Pthalimide on reacting with ethanolic solution of KOH forms potassium salt of pthalimide which on heating with alkyl halide followed by alkaline hydrolysis yields the corresponding primary amine.

Hoffmann bromamide degradation reaction

In this method, primary amines are prepared by treating an amide with bromine in an aqueous or ethanolic solution of NaOH.

The amine formed has one carbon atom less than the starting amide.

 

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Physical Properties of Amines

  • Solubility

Lower aliphatic amines are soluble in water because they can form a hydrogen bond with water. Solubility decreases with increase in molar mass of amines due to an increase in the size of the hydrophobic group.

  • Boiling points

Among the isomeric amines, primary and secondary amines have a high boiling point because they can form hydrogen bonds. Tertiary amines cannot form hydrogen bonds due to the absence of a hydrogen atom for hydrogen bond formation.

Hence, the order of boiling points of isomeric amines is Primary > Secondary > Tertiary

Chemical Properties of Amines

a)     Basic character of amines

*        Amines have an unshared pair of electrons on the nitrogen atom due to which they act as a Lewis base.

*        The basic character of amines can be better understood in terms of their Kb and pKb values

R – NH2 + H2O ⇋ R -

 begin mathsize 12px style table attributes columnalign left end attributes row cell straight K equals fraction numerator left square bracket straight R minus straight N with straight plus on top straight H subscript straight 3 ][ OH to the power of straight minus straight right square bracket over denominator left square bracket straight R minus NH subscript straight 2 ][ straight H subscript straight 2 straight O right square bracket end fraction end cell row cell straight K left square bracket straight H subscript straight 2 straight O ]= fraction numerator left square bracket straight R minus straight N with straight plus on top straight H subscript straight 3 ][ OH to the power of straight minus straight right square bracket over denominator left square bracket straight R minus NH subscript straight 2 straight right square bracket end fraction end cell row cell straight K subscript straight b equals fraction numerator left square bracket straight R minus straight N with straight plus on top straight H subscript straight 3 ][ OH to the power of straight minus straight right square bracket over denominator left square bracket straight R minus NH subscript straight 2 end fraction end cell row cell pK subscript straight b equals negative logK subscript straight b end cell end table end style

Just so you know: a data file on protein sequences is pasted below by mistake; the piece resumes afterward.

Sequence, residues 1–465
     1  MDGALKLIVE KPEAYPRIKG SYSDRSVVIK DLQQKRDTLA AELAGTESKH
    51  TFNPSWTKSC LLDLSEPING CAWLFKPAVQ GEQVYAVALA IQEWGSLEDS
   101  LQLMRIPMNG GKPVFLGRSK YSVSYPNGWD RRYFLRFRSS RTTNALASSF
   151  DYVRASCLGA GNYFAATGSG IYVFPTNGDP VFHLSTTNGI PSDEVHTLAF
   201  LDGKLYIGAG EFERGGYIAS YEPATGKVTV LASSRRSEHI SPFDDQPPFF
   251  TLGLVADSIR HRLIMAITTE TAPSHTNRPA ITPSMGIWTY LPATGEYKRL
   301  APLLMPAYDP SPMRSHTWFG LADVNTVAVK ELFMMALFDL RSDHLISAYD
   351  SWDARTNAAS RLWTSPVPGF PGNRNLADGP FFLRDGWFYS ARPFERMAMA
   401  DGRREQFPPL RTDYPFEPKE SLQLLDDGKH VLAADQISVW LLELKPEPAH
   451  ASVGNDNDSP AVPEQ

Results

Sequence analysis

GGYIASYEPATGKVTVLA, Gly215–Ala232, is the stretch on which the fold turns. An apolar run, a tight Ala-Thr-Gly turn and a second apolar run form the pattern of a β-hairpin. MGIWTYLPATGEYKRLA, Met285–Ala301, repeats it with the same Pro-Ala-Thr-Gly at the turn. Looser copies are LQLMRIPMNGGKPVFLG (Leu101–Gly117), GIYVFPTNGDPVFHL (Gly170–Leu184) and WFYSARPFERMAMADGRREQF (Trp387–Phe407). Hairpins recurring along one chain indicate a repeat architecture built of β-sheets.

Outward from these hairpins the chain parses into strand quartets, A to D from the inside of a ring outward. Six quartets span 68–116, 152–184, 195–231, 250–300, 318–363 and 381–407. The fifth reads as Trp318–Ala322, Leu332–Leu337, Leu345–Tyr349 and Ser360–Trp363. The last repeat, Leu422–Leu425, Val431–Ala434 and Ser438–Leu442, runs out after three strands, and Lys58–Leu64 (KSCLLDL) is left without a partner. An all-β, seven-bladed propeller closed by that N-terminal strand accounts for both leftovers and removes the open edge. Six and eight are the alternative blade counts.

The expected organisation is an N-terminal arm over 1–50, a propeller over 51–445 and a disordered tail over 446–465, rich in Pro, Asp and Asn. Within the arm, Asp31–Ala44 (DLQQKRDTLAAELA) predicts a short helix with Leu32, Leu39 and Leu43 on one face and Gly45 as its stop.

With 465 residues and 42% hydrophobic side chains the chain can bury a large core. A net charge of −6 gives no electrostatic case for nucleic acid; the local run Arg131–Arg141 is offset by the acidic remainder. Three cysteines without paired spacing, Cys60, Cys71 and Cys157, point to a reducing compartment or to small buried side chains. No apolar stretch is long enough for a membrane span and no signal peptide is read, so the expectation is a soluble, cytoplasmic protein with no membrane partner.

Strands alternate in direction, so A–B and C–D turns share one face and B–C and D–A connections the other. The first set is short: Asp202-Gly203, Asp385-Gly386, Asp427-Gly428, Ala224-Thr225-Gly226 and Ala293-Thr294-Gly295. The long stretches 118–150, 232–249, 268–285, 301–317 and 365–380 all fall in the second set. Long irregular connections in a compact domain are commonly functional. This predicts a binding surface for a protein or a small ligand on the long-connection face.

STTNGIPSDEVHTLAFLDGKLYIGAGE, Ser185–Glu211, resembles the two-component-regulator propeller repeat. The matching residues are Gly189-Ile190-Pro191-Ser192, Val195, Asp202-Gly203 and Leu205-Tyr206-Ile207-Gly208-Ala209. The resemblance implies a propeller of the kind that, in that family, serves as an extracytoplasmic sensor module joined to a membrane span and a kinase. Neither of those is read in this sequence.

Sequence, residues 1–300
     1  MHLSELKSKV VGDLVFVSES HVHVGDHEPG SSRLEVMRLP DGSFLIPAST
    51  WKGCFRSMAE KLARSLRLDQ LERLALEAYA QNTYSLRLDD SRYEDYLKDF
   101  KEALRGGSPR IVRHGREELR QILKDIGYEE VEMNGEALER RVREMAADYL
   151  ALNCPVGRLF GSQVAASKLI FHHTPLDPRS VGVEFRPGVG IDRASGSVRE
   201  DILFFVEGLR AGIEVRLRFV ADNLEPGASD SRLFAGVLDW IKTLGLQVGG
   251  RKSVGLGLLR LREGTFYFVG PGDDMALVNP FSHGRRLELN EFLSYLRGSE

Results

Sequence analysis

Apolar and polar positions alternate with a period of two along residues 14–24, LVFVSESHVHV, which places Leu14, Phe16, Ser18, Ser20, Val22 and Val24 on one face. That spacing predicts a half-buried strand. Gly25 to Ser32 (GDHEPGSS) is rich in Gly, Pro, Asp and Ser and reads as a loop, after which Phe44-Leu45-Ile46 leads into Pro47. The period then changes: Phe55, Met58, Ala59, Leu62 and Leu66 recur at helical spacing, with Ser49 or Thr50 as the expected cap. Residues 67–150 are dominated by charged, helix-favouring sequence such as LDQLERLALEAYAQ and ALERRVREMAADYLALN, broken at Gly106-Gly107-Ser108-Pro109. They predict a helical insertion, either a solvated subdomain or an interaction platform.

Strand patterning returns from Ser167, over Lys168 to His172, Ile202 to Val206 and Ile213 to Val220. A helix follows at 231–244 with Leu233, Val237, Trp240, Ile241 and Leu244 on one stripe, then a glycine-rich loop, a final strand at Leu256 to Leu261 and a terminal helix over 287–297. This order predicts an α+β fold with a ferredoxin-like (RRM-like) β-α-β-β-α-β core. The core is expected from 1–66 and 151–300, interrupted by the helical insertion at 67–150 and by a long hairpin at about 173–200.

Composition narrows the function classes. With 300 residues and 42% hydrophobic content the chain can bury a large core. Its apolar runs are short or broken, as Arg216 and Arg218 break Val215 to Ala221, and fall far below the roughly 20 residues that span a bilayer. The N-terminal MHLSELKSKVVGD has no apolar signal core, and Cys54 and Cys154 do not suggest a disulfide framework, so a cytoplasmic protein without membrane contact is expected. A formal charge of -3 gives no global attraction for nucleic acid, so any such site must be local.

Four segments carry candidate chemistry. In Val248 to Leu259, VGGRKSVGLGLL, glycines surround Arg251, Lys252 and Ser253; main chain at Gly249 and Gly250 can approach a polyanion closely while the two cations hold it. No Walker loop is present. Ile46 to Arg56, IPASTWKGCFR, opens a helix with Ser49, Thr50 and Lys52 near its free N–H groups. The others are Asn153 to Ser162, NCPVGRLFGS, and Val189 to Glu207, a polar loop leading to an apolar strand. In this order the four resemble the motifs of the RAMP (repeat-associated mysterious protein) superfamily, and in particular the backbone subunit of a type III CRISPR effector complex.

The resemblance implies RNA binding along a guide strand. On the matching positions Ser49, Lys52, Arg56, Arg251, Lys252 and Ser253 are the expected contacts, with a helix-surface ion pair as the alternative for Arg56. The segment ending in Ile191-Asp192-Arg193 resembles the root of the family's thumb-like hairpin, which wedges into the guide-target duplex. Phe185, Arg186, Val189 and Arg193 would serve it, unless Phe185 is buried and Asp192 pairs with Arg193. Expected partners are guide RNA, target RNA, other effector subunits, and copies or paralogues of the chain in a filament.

*        Greater Kh value or smaller pKh indicated that a base is strong

b)     Comparision of basic strength of aliphatic amines and ammonia

Aliphatic amines are stronger bases than ammonia due to the +l effect of alkyl groups, leading to high electron on the nitrogen atom.

 

 

c)     Comparison of basic strength of primary, secondary and tertiary amines

  • The order of basicity of amines in the gaseous phase follows the expected order on the basis of the +I effect:
  • In aqueous solution, tertiary amines are less basic than either primary or secondary amines. This can be explained on the basis of the following factors:

Tertiary amine > Secondary amine > Primary amine > NH3

  • Solvation effect
  • Greater the stability of the substituted ammonium cation formed, stronger is the corresponding amine as a base.
  • The tertiary ammonium ion is less hydrated than the secondary ammonium ion, which is less hydrated than the primary amine. Thus, tertiary amines have less tendency to form ammonium ion and consequently are least basic.
  • On the basis of the solvation effect, the order of basicity of aliphatic amines should be: Primary amine > Secondary amine > Tertiary amine
  • Steric factor
    • As the crowding of the alkyl group increases from primary to tertiary, amine hindrance to hydrogen bonding increases which eventually decreases the basic strength. Thus, there is a subtle interplay of the inductive effect, solvation effect and steric hindrance of the alkyl group which decides the basic strength of alkyl amines in the aqueous state.
  • Comparison of basic strength of aryl amines and alkanamines
    • Generally, aryl amines are considerably less basic than alkyl amines. Example: Ethyl amine is more basic than aniline.